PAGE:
Cheese Dairy House Ground Plan
Scary Books: Scottish Ghost Stories
The Ground Plan was printed upside-down.
The front door is protected by a light porch, (a,) entering by a door, (b,) the main dairy room. The cheese presses, (c, c,) occupy the left end of the room, between which a passage leads through a door, (l,) into the wood-shed, (h,) open on all sides, with its roof resting on four posts set in the ground. The large cheese-table, (d,) stands on the opposite end, and is 3 feet wide. In the cente
of the room is a chimney, (e,) with a whey and water boiler, and vats on each side. A flight of stairs, (f,) leading into the storage room above, is in the rear. A door, (b,) on the extreme right, leads into the ice-house, (g.) There are four windows to the room—two on each side, front and rear. In the loft are placed the shelves for storing the cheese, as soon as sufficiently prepared on the temporary table below. This loft is thoroughly ventilated by windows, and the heat of the sun upon it ripens the cheese rapidly for market. A trapdoor, through the floors, over which is hung a tackle, admits the cheese from below, or passes it down, when prepared for market.
The cheese house should, if possible, be placed on a sloping bank, when it is designed to feed the whey to pigs; and even when it is fed to cows, it is more convenient to pass it to them on a lower level, than to 334 carry it out in buckets. It may, however, if on level ground, be discharged into vats, in a cellar below, and pumped out as wanted. A cellar is convenient—indeed, almost indispensable—under the cheese dairy; and water should be so near as to be easily pumped, or drawn, into the vats and kettles used in running up the curd, or for washing the utensils used in the work. When the milk is kept over night, for the next morning's curd, temporary tables may be placed near the ice-room, to hold the pans or tubs in which it may be set, and the ice used to temper the milk to the proper degree for raising the cream. If the dairy be of such extent as to require larger accommodation than the plan here suggested, a room or two may be partitioned off from the main milk and pressing-room, for washing the vessels and other articles employed, and for setting the milk. Every facility should be made for neatness in all the operations connected with the work.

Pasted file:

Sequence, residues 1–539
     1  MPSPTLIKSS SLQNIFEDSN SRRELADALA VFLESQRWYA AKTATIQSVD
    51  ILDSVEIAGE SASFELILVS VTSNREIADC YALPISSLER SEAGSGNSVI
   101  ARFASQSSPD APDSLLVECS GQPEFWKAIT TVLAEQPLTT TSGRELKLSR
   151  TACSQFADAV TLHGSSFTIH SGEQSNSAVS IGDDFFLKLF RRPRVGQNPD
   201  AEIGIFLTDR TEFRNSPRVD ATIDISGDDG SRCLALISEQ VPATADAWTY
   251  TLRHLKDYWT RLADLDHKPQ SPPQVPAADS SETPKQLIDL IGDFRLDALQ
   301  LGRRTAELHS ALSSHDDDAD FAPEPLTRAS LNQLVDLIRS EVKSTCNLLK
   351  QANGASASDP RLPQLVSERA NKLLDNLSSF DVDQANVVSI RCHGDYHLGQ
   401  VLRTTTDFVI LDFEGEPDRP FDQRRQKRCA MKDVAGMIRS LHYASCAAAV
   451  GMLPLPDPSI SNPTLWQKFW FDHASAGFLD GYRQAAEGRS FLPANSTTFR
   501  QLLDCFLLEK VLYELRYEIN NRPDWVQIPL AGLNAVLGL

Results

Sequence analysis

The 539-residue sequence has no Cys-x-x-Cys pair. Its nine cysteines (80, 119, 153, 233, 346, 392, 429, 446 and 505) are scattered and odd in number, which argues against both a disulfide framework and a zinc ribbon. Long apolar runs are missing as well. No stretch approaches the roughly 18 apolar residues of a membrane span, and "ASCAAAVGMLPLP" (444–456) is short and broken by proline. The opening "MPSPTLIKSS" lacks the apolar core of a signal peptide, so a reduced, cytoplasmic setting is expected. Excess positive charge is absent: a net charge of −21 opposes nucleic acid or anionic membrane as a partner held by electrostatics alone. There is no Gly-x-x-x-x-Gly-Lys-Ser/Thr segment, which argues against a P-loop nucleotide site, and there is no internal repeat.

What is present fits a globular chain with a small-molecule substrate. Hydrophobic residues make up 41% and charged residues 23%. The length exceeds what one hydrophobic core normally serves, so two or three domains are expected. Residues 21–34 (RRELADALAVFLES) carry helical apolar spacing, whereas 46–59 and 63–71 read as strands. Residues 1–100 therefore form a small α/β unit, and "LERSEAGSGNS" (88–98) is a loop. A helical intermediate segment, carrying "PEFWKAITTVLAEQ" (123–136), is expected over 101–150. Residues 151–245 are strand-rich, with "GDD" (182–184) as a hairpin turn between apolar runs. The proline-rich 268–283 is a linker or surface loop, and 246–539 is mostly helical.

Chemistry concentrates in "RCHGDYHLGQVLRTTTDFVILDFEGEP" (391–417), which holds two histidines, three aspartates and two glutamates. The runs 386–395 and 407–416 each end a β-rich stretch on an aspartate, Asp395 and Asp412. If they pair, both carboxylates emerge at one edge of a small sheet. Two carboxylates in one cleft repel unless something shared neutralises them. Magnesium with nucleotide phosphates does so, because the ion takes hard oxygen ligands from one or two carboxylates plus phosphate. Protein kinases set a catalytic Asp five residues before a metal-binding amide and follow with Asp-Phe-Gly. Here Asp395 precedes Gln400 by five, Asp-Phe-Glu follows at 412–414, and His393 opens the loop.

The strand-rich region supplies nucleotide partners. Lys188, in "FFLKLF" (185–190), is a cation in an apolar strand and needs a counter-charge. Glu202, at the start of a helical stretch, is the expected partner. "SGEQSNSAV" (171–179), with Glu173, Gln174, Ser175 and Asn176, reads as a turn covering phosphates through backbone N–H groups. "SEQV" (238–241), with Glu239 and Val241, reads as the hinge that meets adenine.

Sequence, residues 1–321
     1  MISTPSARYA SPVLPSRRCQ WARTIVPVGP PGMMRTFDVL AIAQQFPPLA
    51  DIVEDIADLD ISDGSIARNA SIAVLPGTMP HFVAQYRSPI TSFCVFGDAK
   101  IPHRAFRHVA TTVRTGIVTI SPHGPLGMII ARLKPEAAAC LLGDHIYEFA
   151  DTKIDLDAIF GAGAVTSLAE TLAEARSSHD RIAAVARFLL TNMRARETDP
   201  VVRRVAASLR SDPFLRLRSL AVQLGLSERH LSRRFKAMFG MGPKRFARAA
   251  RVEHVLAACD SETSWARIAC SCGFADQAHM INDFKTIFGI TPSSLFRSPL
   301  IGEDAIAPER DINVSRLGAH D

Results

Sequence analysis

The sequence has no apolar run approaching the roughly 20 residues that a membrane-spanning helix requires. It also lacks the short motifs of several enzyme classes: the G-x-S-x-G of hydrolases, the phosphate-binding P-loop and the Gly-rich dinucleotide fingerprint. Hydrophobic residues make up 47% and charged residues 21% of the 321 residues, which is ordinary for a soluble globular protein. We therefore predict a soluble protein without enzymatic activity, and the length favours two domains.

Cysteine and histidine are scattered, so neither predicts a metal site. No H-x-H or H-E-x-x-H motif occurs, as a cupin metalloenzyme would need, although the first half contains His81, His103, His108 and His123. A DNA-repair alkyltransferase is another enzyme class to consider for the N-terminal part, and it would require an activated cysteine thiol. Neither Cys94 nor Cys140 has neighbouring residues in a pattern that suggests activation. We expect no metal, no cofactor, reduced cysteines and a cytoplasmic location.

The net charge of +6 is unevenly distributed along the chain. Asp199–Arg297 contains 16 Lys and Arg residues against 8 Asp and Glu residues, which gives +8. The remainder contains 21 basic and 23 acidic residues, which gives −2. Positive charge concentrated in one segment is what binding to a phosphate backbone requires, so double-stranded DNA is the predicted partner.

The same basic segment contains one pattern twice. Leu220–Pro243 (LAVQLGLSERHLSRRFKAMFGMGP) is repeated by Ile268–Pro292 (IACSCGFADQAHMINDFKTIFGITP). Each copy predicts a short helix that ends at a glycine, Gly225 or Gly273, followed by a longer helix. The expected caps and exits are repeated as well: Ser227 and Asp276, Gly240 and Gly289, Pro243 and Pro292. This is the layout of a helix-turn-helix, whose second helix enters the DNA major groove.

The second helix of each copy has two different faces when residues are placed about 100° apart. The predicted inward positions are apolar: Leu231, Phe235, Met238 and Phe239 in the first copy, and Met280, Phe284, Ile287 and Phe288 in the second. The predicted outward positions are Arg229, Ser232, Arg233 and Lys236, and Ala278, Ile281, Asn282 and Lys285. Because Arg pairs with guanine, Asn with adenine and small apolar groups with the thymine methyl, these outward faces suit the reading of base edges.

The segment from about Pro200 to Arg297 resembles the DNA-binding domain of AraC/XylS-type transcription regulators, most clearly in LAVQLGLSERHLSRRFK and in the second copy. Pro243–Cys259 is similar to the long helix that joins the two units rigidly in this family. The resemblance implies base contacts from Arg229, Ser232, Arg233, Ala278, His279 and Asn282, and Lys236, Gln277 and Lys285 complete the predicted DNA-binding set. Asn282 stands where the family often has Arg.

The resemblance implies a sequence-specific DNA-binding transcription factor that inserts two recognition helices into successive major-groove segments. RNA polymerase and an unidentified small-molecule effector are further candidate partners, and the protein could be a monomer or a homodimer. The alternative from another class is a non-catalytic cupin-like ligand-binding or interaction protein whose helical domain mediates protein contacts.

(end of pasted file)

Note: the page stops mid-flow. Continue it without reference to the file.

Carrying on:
Different accommodations are required, for making the different kinds of cheese which our varied markets demand, and in the fitting up of the dairy-house, no positive plan of arrangement can be laid down, suited alike to all the work which may be demanded. The dairyman, therefore, will best arrange all these for the particular convenience which he requires. The main plan, and style of building however, we think will be generally approved, as being in an agreeable architectural style, and of convenient construction and shape for the objects intended.